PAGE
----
A FORMER education secretary and schools minister has applauded the work being done by Future Schools Trust during a visit to our academies and ground-breaking Gateway.

Estelle Morris – now Baroness Morris of Yardley – is a former teacher who was a key player in Tony Blair’s Labour Government between 1997 and 2005.

She visited all our schools and the Gateway at NLL– a new provision for children with additional needs who are disaffected and underachieving.

Ms Morris said: “I admire and welcome this new approach by Future Schools Trust. The Gateway is not about making life easier for the children or for the staff – it is a very determined way to meet the needs of a group of young people and ensuring they get the best from their education.

“For a school to deal with the children on site, as an integrated part of the school so that they still belong but have a curriculum tailored to their needs, is the right thing to do.”

She applauded the management of the Trust - and the Gateway in particular - and said: “I feel a sense of ambition and determination matched with a healthy dose of realism - which is how it should be.

“Here we have a Trust that is really determined to deliver better outcomes for the children and give them better life choices - and that shows through in the classrooms. I have seen children working in a focussed way in lessons in all of the Trust’s schools, clearly enjoying what they are doing.”

The Baroness’s visit coincides with a new inquiry by the Commons Education Select Committee into the education of children in alternative provision, following news that the number of children being excluded from school is on the increase.

Head of Gateway James Graham said: “Our aim is to teach practical skills whilst reinforcing the need for academic rigour.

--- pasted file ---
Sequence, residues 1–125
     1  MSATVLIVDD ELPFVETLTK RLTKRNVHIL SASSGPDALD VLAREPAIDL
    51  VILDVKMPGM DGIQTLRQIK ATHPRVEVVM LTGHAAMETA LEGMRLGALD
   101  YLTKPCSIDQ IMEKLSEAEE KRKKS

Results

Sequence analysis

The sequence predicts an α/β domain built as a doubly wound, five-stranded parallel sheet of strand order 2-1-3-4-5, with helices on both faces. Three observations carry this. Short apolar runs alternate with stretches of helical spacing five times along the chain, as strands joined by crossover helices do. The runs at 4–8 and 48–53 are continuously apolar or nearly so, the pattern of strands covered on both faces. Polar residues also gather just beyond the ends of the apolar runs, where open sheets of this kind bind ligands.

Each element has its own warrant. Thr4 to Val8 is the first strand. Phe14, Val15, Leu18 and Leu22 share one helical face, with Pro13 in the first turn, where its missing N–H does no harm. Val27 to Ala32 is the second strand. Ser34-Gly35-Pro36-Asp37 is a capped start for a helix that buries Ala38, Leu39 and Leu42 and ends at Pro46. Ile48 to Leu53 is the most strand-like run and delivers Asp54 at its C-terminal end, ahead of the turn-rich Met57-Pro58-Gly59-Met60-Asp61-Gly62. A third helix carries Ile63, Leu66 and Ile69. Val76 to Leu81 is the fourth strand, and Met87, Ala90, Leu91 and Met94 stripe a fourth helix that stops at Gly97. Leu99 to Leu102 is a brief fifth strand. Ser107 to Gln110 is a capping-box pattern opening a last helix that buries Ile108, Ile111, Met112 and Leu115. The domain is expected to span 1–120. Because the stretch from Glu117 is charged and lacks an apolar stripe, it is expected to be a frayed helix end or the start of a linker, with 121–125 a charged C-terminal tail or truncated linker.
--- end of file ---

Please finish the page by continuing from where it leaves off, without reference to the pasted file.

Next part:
“The Gateway is an extremely adaptable provision, providing students with an array of opportunities to both develop and inspire them. It is not a case of ‘one size fits all.’ We will work together as a Trust to find the resource which works best for each child.

“It’s not going to be a soft option – just a different option – and one which will, we believe, ensure each child has the opportunity to maximise his or her potential.”

The Gateway incorporates a classroom and IT suite for teaching small groups and a circular table to be used whilst eating and during discussions. The team will work in conjunction with outside agencies and professionals, such as counsellors, therapists and social services.

Mr Graham said: “It is really exciting to be working on such a ground-breaking project. Hopefully, in a year from now, we will be able to show that this is a model other schools and academies can follow.”

Future Schools Trust plans to send a written submission to the select committee, which is looking at the effectiveness of pupil referral units as well as in-house provision like the Gateway.